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Wanganui Chronical: Many holes in Norway fairytale

Wanganui Chronical: Many holes in Norway fairytale

6 April 2015

NEW ZEALAND OR NORWAY? Actually, it's Fiordland, New Zealand. We may look similar, but we can never get rich through oil and gas exploration the way Norway did. PHOTO/DEREK ONLEY

NEW ZEALAND OR NORWAY? Actually, it’s Fiordland, New Zealand. We may look similar, but we can never get rich through oil and gas exploration the way Norway did. PHOTO/DEREK ONLEY

WE COULD be like Norway, say oil industry proponents. Norway is rich because of oil and gas. If New Zealand wants a model from a similar-sized country, they say, it need look no further than Norway.

I’m reminded of a childhood fairy tale; remember the goose that laid the golden egg? Jack’s mother was aghast when he exchanged their cow for a few useless beans, but the beans were magic. After a number of near-misses, not without their health and safety risks, Jack got the goose, became wealthy beyond his wildest dreams and he and his mother got bigger digs and reportedly lived a happy, high-consumer lifestyle ever after.

Simon Bridges thinks oil and gas are going to be New Zealand’s golden goose, the way it was for Norway.

But he’s too late. Back in the 1970s the Norwegian Government made a calculated decision to tax the oil companies at 90 per cent. To their surprise, the companies paid the high taxes and kept coming. Norway got rich.

Norway still charge one of the highest tax rates, around 78 per cent, while New Zealand charges oil companies 42 per cent tax – one of the lowest tax takes in the world.

What Norway did in the 1970s is impossible to achieve today. Saudi Arabia and other Middle Eastern countries still have large reserves of “easy” oil. Their production is not at full capacity, so they still have the ability to influence world oil prices. Ramping up Middle East production volumes can bring prices down and make unconventional and marginal oil production uneconomic. This is far from the full explanation of the current oil price crash, but it’s been cited as a part of the puzzle.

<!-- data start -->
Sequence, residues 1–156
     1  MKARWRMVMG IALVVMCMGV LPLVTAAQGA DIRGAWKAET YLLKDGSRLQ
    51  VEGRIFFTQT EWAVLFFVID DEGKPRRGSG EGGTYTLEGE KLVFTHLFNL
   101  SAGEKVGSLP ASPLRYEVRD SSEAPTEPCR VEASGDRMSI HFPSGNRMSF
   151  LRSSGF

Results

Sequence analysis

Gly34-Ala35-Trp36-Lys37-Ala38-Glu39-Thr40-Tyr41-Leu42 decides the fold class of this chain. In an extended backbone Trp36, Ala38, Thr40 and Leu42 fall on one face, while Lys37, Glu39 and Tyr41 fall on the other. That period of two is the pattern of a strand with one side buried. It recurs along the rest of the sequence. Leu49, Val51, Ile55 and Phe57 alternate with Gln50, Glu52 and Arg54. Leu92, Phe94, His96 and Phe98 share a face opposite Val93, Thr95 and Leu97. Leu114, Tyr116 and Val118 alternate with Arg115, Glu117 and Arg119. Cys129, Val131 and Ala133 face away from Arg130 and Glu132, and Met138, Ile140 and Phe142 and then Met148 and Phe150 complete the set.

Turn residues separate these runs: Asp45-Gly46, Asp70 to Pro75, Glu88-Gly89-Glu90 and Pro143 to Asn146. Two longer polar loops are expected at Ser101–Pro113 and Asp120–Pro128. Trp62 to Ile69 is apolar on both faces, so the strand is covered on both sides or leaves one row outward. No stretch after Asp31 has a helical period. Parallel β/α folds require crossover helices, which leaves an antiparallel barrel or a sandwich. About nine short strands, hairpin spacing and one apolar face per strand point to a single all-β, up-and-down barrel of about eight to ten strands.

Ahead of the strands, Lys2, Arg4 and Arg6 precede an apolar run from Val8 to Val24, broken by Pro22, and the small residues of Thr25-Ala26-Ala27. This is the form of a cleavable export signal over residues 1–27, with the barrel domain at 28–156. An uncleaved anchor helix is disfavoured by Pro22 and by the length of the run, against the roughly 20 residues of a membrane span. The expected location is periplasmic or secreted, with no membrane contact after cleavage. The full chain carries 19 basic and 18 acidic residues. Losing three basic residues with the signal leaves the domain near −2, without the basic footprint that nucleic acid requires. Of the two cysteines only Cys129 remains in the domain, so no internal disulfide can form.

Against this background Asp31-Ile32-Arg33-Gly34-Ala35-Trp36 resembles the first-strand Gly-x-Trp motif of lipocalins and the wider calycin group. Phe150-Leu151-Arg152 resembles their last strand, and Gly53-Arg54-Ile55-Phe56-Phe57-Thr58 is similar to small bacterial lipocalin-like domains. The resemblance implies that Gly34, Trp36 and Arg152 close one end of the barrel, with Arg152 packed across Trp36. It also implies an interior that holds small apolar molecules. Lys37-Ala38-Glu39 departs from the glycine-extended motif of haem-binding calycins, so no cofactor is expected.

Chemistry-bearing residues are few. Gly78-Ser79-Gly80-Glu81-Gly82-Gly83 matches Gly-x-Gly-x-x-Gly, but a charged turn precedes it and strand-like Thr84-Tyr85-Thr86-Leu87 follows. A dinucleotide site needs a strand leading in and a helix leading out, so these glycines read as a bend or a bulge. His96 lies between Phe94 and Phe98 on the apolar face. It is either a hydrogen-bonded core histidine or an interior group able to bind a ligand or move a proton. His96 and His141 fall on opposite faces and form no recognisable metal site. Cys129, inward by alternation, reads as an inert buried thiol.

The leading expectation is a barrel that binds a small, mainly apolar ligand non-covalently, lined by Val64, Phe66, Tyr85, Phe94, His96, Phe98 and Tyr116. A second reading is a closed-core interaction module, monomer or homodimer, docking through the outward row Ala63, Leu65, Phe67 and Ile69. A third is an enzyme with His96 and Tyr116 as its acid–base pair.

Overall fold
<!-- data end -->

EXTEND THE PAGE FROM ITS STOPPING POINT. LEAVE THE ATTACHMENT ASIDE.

Even before the 50 per cent drop in Brent Crude (the North Sea oil pricing benchmark), no oil company today could afford the royalties/taxes that Norway demanded back then. For deep sea drilling in New Zealand, described by the industry as a “frontier” region, margins are tight.

Back in Norway, it’s not all golden eggs. At current prices, more than half the offshore fields being developed along the Norwegian continental shelf are uneconomic [1].

In the past six months Norway’s kroner has dropped 20 per cent against the dollar. Norway’s partially state-owned oil companies Statoil and its service companies have cut thousands of jobs, and Norwegian unions are calling for government measures to protect the industry [2].

The fairy tale is ending, but Hilde Opoku of Norway’s Green Party says Norwegians are still blind to the coming change. “When we wake up from this oil bubble,” he said, “we will realise we will never have a fairy tale like this again.”